Two of the most highly anticipated earnings in this semiconductor earnings season are those of Intel (INTC) and Advanced Micro Devices (AMD). The third quarter has been a historic one for AMD, which overtook Intel in the technology race with its 7 nm (nanometer) products. AMD’s products have seen strong enthusiasm among consumers. It’s time to put some numbers to this success.
In the last few weeks, we’ve been writing about AMD’s market share gains and Intel’s CPU (central processing unit) supply shortage. It’s important to consider the impact of the above factors on the companies’ upcoming earnings.
Intel will report its third-quarter earnings results on October 24 after the market closes, and AMD is set to report on October 29. The two stocks are highly sensitive to market news ahead of their earnings releases. Both stocks are trading close to their 52-week highs, and they could reach or breach their 52-week highs if they report earnings beats.
In the last two rounds of quarterly earnings, AMD stock rose 8% on its earnings beat in the first quarter but fell 10% on its guidance cut in the second quarter. The opposite was true for Intel. Its stock fell 9% on its guidance cut in the first quarter but rose 7% on its earnings beat in the second quarter.
Third-quarter earnings estimates for AMD and Intel
Analysts are optimistic about AMD and expect its third-quarter revenue to rise 9.3% YoY (year-over-year) to $1.81 billion. They expect its non-GAAP (generally accepted accounting principles) EPS to rise 38.5% YoY to $0.18.
Analysts are mixed about Intel’s third-quarter earnings. They expect its third-quarter revenue to rise 5.7% YoY to $18.07 billion and its non-GAAP EPS to fall 17.1% YoY to $1.16. Intel has guided for revenue of $18 billion and EPS of $1.24 in the third quarter.
AMD and Intel: Two sides of the same coin
Both AMD and Intel have their own strengths and weaknesses. In fact, one’s strength is the other’s weakness. They both operate in a duopoly market of x86 PC and server CPUs. Intel has been a leader in both these markets for a long time because of its technology lead. Its leadership position gave it the power to charge a premium price for its CPUs. Over the years, Intel’s earnings and cash flows grew significantly via its sale of volume CPUs at a higher price. Process node technology was AMD’s weakness for years, because of which it lost market share and failed to command a premium price.
At the end of 2018, Intel’s annual revenue and EPS stood at $70.8 billion and $4.58, respectively. On the other hand, AMD’s 2018 revenue and EPS stood at $6.48 billion and $0.46, respectively. There’s a vast difference in their operating margins. AMD’s operating margin of 9.8% is just one-third the size of Intel’s margin of 34.6%. Intel’s biggest advantages are its size and its large financial resources.
Now it’s AMD’s turn
However, the tables have turned in 2019. Now, AMD has a technology advantage with its 7 nm Ryzen and EPYC CPUs. On the other hand, Intel has yet to launch its complete 10 nm product line-up after a three-year delay. At the same time, it’s offering better-performing CPUs at lower prices and gaining CPU share from Intel. According to Mercury Research data reported by Tom’s Hardware, AMD’s desktop and mobile CPU shares rose to 17.1% and 14.1%, respectively, in the second quarter from 12.3% and 8.8% last year.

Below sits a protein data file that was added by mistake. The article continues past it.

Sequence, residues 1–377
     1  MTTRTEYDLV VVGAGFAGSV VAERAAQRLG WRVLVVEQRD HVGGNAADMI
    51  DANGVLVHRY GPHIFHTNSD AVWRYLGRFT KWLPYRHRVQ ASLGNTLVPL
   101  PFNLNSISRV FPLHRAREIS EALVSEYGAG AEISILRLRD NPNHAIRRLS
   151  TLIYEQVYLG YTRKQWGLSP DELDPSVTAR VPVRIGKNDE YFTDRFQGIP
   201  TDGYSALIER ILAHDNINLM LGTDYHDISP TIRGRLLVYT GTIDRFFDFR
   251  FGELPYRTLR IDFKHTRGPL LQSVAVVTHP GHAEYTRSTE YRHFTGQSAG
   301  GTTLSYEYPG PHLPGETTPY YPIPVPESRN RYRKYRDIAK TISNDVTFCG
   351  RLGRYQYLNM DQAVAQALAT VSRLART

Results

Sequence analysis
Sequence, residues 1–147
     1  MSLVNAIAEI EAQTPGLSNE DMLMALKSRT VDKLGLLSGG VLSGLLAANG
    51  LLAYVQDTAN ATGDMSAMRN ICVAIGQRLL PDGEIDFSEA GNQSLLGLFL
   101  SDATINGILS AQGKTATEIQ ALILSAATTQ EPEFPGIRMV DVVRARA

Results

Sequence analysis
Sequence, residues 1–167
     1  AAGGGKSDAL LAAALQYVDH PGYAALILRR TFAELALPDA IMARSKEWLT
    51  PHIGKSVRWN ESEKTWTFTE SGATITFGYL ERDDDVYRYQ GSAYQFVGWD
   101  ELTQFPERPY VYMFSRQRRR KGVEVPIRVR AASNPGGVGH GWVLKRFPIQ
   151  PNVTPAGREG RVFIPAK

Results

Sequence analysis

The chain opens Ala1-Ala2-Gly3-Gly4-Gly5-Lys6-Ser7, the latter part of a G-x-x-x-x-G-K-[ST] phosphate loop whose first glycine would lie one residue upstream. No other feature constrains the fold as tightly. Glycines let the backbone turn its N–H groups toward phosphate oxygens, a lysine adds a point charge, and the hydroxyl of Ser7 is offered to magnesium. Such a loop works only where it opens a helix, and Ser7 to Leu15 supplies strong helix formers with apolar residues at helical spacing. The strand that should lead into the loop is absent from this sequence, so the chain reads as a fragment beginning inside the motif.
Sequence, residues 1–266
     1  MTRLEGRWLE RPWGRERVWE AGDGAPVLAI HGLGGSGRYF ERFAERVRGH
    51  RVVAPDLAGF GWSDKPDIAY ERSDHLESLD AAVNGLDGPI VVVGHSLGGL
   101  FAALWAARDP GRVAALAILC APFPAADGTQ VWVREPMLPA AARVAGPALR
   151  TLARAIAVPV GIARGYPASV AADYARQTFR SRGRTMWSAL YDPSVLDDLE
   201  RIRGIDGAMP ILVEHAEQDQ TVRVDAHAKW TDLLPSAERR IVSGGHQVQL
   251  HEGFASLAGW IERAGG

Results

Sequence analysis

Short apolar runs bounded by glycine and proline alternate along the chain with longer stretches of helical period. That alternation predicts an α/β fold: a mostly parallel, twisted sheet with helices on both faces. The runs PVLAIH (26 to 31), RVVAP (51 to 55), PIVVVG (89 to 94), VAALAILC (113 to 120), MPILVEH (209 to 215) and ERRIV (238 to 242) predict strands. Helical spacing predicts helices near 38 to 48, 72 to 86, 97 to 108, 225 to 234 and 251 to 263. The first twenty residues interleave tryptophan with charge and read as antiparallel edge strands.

Rising competition has forced Intel into a price war with AMD. Moreover, Intel has been facing a CPU supply shortage for over a year. This supply shortage came as a result of its delaying its 10 nm node by three years. Now, the company is playing catch up by accelerating its node transition at the cost of its margins. Hence, Intel expects its EPS to fall 1.9% YoY to $1.24 in the third quarter. However, looking at Intel’s recent CPU price cuts, analysts have turned bearish and expect its EPS to fall to $1.16.
On the other hand, AMD is expected to see strong YoY growth driven by a larger mix of its higher-margin Navi, Ryzen, and EPYC processors.
What sets Intel apart?
The data center and PC markets are still the biggest end markets for both Intel and AMD. What sets them apart is their adjacent markets. Intel has diversified beyond server CPUs into networking, silicon photonics, nonvolatile memory, and programmable chips. It’s also expanding its reach to future technologies such as AI, 5G, and autonomous vehicles. In each of these markets, Intel has a smaller market share and competes with NVIDIA and Xilinx.
AMD, on the other hand, is a key player in discrete GPU (graphics processing unit) and gaming, where it competes with NVIDIA. However, Intel is making its entry into the discrete GPU space next year, with its Xe GPU scalable from laptops to the data center. AMD is exploring its options in AI and ray tracing.
Intel and AMD have been rivals for 50 years. They’ve now entered the next phase of technology, in which the competition will expand into the new markets of graphics and AI. It’s advisable to keep both stocks in your portfolio. Intel should provide returns through dividends and stock buybacks, and AMD should provide returns through capital gains.
Puja Tayal does not hold any AMD or Intel shares.